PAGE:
Multifaceted intervention should also include an education component complementing and addressing issues specific to the intervention being provided, tailored to individual cognitive function and language. It should also include an exercise program incorporating balance, gait, and strength training. Flexibility and endurance training should also be offered, but not as sole components of the program. The health professional or team conducting the fall risk assessment should directly implement the interventions or should ensure that the interventions are carried out by other qualified healthcare professionals (AGS/BGS, 2009). We will review several programs that stress multifaceted interventions in the following section.

7.31 Stepping On

This Australian study used a series of small group sessions to teach fall prevention strategies to community-dwelling older adults. Participants were individuals who had fallen in the previous year or who were concerned about falling. All were 70 years or older and lived in the community. Most study participants were female (Burns et al., 2022).

The program addressed multiple fall risk factors: improving lower limb balance and strength, improving environmental and behavioral safety in both the home and community, and encouraging visual and medical screenings to check for low vision and possible medication problems. Each session covered a different aspect to reducing fall risk:

  • Session 1: Risk appraisal and introducing balance and strength exercises
  • Session 2: Review and practice exercises and how to move safely in the home
  • Session 3: Hazards in and around the home and how to remove or reduce them
  • Session 4: How to move safely in the community and safe footwear and clothing
  • Session 5: Poor vision and fall risk and the benefits of vitamin D, calcium, and hip protectors
  • Session 6: Medication management, review of exercises, and more strategies for moving safely in the community
  • Session 7: Review of topics covered in program (Burns et al., 2022)

The program included seven weekly 2-hour program sessions, a 1- to 1.5-hour home visit by an occupational therapist, and—6 weeks after the final session—a 1-hour booster session. The follow-up home visit included review of fall prevention strategies, assistance with home adaptations, and modifications, if needed. A 3-month booster session included review of achievements and how to maintain motivation (Burns et al., 2022).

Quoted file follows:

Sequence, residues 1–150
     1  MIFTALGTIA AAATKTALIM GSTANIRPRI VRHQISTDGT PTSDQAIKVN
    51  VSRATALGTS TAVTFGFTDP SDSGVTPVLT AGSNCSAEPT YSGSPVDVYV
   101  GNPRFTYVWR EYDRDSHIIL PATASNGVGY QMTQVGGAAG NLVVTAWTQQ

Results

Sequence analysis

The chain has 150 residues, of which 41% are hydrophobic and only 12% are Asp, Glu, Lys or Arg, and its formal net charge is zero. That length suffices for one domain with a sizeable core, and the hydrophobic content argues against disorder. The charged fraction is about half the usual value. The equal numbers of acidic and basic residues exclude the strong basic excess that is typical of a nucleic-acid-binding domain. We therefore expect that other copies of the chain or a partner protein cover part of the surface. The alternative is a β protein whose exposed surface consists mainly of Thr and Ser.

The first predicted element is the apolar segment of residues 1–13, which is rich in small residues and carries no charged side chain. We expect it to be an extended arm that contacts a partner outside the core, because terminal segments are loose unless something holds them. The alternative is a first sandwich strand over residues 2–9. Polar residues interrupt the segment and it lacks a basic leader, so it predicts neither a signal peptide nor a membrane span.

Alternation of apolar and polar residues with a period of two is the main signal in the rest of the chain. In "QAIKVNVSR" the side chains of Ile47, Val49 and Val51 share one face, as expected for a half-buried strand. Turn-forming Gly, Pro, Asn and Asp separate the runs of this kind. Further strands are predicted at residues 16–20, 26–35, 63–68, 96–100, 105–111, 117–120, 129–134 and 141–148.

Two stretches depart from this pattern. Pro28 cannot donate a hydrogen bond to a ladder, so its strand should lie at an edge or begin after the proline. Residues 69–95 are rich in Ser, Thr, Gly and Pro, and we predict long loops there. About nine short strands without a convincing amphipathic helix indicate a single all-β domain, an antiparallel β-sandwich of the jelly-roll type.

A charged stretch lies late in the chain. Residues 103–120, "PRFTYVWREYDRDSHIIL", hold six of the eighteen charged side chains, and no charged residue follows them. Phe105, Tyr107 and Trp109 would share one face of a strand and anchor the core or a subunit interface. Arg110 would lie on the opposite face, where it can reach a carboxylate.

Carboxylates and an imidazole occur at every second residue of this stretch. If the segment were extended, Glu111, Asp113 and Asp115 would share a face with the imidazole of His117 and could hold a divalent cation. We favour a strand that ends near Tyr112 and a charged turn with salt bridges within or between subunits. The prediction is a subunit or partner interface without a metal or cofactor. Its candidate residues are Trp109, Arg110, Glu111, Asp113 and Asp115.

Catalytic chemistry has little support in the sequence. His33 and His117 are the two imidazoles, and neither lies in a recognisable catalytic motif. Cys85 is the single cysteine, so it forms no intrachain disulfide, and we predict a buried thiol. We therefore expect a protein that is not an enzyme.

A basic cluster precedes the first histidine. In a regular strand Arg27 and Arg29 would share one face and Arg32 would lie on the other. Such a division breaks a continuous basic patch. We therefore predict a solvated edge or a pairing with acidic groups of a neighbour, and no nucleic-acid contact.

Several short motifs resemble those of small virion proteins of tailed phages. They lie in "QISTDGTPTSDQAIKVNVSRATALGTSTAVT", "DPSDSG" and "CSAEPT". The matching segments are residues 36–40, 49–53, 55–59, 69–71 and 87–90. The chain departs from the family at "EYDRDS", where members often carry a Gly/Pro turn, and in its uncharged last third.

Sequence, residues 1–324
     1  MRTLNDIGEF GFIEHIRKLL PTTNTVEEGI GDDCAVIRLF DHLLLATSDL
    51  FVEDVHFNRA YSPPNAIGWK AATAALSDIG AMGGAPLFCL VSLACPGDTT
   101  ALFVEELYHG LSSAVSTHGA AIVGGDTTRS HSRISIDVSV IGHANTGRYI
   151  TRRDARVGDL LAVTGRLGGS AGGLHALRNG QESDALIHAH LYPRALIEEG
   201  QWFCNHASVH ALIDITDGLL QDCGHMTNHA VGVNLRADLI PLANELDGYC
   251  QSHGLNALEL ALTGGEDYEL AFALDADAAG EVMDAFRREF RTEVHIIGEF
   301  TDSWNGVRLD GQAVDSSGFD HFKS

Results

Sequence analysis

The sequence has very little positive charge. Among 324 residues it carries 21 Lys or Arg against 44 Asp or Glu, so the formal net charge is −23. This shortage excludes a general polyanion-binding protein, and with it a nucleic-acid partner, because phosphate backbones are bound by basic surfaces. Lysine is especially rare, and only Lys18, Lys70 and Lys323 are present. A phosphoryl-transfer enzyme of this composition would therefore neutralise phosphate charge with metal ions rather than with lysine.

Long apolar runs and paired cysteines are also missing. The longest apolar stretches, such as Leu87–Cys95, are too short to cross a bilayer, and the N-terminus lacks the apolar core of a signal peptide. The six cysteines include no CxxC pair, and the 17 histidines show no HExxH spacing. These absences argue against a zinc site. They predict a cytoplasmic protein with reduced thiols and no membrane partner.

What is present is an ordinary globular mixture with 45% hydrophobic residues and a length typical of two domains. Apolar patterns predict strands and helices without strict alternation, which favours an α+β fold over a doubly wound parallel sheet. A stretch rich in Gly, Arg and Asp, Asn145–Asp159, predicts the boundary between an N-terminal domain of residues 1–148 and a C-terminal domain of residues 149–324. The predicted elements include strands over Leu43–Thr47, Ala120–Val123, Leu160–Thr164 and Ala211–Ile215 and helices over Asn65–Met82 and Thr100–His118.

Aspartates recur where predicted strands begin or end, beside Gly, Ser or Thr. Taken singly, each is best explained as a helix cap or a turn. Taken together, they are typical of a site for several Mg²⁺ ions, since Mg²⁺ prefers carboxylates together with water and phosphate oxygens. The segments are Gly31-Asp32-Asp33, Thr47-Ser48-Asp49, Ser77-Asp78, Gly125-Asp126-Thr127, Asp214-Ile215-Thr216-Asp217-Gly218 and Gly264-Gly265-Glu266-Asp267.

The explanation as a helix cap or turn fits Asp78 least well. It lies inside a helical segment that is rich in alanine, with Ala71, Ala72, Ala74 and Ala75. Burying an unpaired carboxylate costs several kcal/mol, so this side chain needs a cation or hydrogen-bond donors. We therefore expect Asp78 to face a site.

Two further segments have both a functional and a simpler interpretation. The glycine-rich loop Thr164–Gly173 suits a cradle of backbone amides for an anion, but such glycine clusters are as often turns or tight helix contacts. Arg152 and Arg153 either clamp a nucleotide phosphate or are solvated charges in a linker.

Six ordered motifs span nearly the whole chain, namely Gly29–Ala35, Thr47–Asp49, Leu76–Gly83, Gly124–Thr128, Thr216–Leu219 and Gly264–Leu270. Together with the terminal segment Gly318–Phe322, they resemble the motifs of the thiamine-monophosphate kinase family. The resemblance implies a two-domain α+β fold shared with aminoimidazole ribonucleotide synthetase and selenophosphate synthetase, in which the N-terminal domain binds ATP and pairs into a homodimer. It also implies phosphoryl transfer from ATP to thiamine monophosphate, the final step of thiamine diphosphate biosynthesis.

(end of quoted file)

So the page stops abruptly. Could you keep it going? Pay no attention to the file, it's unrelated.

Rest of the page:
A team of content experts, trained by the OT and guided by the Stepping On manual, participated in the study. Duties were divided as follows:

  • Physical therapist: introduced exercises and led a segment on moving about safely.
  • Occupational therapist: led segments on home safety, community safety, behavioral methods for better sleep, and hip protectors.
  • Older adult volunteer from the Roads and Traffic Authority: spoke on pedestrian safety.
  • Retired volunteer nurse from the Medicine Information Project: discussed how to manage medications.
  • Mobility officer from the Guide Dogs: spoke on coping with low vision. (Burns et al., 2022)

The fall rate among participants was reduced about 30% compared with those who did not receive the intervention. The intervention was especially effective for men. The fall rate among male participants was reduced almost two-thirds.

7.32 PROFET (Prevention of Falls in the Elderly Trial)

This British intervention provided assessments for fall risk with referrals to relevant services and an occupational therapy home hazard assessment with recommendations for home modifications. Participants were older adults who had been treated for a fall in a hospital emergency department. All were aged 65 years and older and lived in the community. Two-thirds of participants were female (Burns et al., 2022).

An outpatient medical assessment was conducted soon after the fall that was treated in the emergency room. It included assessments of visual acuity, postural hypotension, balance, cognition, depression, and medication problems. The results were used to identify and address problems that could contribute to fall risk. Participants received referrals to relevant services, based on identified risk factors (Burns et al., 2022).

The home assessment was conducted during a single visit. The occupational therapist (OT) identified environmental hazards in the home, such as uneven outdoor surfaces, loose rugs, and unsuitable footwear. Based on findings, the OT provided advice and education regarding safety within the home, made safety modifications to the home with the participant’s consent, and provided minor safety equipment. The OT made social service referrals for participants who required hand rails, other technical aids, adaptive devices such as grab bars and raised toilet seats, and additional support services. The average length of the medical assessment was 45 minutes. The average length of the home assessment was 60 minutes (Burns et al., 2022).


After 12 months, those in the intervention group were 60% less likely to fall once and 67% less likely to fall repeatedly (at least three times), compared with those who did not receive the intervention.

7.33 The NoFalls Intervention